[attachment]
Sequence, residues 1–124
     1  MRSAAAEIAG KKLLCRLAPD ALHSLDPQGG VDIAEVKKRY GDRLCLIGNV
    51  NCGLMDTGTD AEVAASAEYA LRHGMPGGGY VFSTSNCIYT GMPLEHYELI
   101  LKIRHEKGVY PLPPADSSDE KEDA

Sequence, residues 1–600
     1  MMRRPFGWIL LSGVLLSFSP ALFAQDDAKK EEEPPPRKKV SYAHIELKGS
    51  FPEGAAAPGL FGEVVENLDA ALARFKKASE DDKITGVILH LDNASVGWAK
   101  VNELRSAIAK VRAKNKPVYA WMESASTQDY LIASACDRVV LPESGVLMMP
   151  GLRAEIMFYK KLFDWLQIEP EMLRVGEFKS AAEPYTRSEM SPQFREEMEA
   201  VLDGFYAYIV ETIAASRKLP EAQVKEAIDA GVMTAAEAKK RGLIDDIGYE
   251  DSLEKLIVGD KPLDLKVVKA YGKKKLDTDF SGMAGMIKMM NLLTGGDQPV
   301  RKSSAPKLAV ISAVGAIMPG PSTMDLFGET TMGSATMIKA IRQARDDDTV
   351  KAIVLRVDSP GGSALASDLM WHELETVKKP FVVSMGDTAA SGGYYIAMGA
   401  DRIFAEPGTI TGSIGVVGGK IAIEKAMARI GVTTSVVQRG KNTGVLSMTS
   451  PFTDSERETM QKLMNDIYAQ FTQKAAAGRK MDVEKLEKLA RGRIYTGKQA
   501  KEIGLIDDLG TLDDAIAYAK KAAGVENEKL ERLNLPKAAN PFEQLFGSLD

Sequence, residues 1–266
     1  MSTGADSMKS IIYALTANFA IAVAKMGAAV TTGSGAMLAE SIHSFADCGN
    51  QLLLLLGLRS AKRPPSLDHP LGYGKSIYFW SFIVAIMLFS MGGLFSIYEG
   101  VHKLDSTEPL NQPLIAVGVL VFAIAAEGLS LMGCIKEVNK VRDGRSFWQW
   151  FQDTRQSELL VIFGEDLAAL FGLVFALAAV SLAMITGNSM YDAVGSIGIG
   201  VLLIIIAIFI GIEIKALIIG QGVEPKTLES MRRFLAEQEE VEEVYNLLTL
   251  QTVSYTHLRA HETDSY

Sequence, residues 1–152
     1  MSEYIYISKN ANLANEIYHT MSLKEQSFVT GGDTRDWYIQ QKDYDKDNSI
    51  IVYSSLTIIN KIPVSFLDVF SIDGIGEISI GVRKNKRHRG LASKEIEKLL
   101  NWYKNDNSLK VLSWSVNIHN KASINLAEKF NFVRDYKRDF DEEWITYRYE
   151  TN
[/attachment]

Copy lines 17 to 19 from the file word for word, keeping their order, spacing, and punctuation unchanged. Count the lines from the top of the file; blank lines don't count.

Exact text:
Sequence, residues 1–266
     1  MSTGADSMKS IIYALTANFA IAVAKMGAAV TTGSGAMLAE SIHSFADCGN
    51  QLLLLLGLRS AKRPPSLDHP LGYGKSIYFW SFIVAIMLFS MGGLFSIYEG